Whichever choice you make between sand and gravel, make sure that you go for the black ones. Black substrate allows plants and shrimp to stand out better than using natural colored or white substrates.
Apart from sand and gravel, there are also buffering and non-buffering substrates. A good example is the ADA Aquasoil Amazonia which is used by many shrimp keepers for their buffering ability.
In simple terms, such substrates help in maintaining low pH levels and soft water in shrimp tanks. They also act as boosters for plant growth because they contain essential nutrients.
If you are a beginner hobbyist, buffering or non-buffering substrate is not good for you. Instead, you may try out Super Naturals Crystal-River Sand or use Seachem Flourite Black Clay Gravel to set up an aquarium for your shrimp.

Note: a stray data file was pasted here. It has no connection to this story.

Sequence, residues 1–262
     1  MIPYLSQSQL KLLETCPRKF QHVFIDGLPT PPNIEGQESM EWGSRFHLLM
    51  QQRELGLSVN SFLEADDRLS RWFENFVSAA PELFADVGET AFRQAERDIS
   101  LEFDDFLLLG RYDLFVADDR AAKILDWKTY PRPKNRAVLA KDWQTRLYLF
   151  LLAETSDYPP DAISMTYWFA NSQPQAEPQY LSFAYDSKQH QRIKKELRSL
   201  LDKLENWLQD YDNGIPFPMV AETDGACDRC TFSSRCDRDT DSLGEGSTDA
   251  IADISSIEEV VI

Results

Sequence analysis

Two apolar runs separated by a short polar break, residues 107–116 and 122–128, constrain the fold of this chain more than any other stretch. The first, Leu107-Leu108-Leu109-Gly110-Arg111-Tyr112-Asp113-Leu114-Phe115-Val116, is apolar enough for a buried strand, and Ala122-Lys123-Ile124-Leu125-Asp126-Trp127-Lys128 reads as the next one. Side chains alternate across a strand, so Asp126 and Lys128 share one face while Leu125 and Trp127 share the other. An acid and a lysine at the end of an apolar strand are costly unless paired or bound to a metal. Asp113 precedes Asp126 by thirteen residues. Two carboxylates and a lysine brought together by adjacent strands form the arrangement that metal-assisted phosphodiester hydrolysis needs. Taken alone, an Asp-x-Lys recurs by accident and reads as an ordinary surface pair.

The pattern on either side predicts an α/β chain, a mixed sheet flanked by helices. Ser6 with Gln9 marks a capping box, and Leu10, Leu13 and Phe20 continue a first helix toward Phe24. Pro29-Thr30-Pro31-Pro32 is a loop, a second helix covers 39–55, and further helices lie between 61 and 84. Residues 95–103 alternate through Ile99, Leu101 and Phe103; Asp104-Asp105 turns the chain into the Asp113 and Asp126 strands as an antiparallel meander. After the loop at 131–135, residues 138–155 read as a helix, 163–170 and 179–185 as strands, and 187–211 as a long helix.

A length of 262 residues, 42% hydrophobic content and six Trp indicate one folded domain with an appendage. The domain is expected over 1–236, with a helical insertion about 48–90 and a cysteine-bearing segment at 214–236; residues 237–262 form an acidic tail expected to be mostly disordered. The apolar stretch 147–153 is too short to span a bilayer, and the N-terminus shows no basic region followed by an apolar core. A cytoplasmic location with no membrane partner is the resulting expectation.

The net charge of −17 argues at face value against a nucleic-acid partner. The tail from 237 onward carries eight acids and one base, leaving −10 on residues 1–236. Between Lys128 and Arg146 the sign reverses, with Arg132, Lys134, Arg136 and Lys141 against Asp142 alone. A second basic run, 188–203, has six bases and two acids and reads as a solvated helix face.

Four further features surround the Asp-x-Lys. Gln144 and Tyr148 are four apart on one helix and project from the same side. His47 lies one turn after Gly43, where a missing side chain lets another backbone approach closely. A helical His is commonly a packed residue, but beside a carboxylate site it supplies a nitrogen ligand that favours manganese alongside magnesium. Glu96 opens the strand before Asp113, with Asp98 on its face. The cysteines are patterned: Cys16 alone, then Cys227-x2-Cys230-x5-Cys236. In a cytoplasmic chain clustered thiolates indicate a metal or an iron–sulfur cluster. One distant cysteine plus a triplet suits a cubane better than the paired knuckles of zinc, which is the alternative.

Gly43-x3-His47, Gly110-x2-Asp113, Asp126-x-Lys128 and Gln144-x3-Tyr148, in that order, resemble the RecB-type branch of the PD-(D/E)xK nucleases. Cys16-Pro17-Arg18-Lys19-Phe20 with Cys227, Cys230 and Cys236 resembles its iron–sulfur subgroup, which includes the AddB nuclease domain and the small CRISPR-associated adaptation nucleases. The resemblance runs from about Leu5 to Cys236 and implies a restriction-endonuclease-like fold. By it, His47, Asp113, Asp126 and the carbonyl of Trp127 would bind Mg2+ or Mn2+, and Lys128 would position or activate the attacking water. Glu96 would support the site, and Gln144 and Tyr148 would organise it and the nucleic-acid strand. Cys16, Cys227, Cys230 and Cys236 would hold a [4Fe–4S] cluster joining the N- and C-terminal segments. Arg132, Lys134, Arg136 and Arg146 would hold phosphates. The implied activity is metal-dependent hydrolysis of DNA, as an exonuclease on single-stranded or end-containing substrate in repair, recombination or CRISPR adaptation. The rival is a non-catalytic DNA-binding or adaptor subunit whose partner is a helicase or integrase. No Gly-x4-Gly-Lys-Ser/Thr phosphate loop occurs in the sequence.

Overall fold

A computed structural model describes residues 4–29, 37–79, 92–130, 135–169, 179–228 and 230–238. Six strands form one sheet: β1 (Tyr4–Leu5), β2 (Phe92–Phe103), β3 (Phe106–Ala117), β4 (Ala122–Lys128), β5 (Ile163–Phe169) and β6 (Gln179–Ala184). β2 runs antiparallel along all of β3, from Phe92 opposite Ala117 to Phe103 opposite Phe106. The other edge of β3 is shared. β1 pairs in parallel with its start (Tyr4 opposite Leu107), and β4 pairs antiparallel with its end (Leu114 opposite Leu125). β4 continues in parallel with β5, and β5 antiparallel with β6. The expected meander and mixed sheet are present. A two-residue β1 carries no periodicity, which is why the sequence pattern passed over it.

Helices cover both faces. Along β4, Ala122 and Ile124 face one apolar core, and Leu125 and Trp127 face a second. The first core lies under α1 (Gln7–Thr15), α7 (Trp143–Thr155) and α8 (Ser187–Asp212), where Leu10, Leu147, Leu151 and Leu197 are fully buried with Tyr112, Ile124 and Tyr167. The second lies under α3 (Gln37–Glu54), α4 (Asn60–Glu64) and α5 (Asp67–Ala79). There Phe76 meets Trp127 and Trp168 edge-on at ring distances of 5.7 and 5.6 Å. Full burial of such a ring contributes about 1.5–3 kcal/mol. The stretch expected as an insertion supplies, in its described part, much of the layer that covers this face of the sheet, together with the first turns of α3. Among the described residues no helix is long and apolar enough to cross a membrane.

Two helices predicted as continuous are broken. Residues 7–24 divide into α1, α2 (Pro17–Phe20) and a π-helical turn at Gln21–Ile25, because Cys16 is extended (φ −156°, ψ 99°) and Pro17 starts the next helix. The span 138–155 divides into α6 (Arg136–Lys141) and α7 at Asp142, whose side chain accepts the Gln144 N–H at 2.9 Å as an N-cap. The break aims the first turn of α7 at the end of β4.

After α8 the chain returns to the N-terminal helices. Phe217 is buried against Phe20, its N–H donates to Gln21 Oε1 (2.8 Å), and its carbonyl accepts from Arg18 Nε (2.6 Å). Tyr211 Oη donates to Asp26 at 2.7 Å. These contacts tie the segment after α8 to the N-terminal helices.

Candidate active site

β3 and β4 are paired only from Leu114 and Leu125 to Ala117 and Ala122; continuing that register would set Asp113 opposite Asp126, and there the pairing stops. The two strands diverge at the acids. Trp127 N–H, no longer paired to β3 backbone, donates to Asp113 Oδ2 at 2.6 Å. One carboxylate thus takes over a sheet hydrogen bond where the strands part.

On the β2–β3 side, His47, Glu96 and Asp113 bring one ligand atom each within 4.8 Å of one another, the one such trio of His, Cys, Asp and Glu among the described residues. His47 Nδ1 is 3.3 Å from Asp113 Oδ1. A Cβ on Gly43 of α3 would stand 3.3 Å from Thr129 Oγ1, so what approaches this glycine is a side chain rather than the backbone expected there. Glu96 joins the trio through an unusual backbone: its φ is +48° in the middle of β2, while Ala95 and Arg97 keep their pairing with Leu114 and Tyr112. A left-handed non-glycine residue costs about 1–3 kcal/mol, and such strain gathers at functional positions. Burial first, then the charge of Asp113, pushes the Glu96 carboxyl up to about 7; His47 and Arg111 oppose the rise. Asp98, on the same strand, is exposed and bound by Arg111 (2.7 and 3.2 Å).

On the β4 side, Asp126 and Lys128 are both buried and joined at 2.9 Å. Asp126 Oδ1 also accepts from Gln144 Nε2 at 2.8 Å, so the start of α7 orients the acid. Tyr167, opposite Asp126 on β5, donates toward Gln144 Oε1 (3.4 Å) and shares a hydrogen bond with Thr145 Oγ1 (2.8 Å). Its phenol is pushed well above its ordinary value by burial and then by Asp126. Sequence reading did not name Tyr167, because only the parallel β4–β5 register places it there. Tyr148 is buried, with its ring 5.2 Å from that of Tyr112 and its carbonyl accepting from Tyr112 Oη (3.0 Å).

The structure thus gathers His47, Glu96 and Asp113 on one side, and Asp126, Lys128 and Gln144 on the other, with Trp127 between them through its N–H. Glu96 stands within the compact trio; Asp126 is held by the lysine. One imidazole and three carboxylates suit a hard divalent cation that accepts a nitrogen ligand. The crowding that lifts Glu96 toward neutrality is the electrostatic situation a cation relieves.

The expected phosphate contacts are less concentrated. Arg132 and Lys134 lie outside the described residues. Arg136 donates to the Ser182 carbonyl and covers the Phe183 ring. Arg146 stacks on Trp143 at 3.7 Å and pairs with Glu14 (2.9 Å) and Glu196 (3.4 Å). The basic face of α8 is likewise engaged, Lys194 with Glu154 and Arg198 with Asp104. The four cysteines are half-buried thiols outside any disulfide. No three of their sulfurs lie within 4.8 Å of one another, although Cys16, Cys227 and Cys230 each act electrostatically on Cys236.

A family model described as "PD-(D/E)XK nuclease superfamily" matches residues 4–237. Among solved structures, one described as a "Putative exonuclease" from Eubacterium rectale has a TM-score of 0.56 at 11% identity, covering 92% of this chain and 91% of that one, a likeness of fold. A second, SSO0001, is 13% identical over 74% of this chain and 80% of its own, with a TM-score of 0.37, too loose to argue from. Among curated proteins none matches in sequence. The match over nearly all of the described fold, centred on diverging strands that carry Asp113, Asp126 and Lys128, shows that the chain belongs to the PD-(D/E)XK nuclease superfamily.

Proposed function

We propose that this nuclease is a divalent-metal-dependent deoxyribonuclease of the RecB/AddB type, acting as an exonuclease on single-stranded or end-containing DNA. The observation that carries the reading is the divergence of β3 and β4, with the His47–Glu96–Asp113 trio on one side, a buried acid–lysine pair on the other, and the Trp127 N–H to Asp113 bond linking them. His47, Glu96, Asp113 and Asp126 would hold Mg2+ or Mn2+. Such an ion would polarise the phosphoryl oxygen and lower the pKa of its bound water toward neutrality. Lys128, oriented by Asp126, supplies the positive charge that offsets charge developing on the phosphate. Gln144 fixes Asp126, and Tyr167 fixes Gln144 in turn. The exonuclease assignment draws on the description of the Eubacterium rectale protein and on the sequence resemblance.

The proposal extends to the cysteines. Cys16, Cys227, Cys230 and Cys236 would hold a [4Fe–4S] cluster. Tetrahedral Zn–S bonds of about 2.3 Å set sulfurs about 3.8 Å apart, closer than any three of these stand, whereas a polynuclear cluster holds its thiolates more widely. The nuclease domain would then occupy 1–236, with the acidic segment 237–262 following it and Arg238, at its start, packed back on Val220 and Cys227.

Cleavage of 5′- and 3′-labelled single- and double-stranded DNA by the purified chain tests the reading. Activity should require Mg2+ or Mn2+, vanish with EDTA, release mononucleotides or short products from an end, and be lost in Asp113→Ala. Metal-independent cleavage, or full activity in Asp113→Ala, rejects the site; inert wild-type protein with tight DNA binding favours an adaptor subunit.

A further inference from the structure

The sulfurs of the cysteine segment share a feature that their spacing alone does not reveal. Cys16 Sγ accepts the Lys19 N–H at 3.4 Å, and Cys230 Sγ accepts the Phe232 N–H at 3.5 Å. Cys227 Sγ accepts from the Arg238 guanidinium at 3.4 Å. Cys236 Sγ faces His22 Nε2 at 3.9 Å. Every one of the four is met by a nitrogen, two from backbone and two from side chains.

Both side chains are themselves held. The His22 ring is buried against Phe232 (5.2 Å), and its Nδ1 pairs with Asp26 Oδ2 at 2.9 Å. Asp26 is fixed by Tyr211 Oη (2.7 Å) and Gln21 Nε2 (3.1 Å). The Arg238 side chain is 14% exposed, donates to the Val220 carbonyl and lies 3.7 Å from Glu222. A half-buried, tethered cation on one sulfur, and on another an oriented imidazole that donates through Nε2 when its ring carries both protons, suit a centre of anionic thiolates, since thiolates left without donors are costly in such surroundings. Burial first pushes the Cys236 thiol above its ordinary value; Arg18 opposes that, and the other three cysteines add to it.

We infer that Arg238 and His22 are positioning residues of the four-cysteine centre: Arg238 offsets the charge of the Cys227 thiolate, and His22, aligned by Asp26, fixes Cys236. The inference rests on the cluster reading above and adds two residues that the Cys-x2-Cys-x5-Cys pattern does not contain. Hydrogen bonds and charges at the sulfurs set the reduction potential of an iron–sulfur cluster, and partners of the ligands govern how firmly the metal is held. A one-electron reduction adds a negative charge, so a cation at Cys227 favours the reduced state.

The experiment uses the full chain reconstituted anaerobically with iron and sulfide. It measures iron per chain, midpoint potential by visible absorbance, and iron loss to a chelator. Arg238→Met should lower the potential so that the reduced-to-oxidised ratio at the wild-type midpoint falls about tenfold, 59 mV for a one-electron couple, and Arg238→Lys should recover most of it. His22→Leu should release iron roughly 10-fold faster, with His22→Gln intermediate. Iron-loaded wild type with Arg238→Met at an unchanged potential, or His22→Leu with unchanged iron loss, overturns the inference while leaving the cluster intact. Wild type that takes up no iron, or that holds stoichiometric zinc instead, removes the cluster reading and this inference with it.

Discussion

Decoration and Plants
Just like other aquatic animals, shrimp prefer planted tanks. Make sure that your tank has a few plants to allow you to monitor your shrimp’s progress. Too many plants may interfere with tank parameters and affect your shrimp’s way of life.
Several plants are suitable for freshwater shrimp when planted in the tank. Examples of such plants include the following:
- Java Fern
- Java Moss
- Moss Balls
- Duckweed as floaters
- Water Lettuce as floaters
- Guppy Grass
- Amazon Frogbits
- Cholla Wood
- Indian Almond Leaves
- Drift Wood
You may also consider carpet aquatic plants such as Monte Carlo if you are going to use an active substrate in the tank. Rotalas and duckweed can as well make a great addition to the tank because they protect your shrimp against high nitrate spikes.
Above all, consider taking care of tank plants occasionally to prevent the build-up of decaying matter in the aquarium.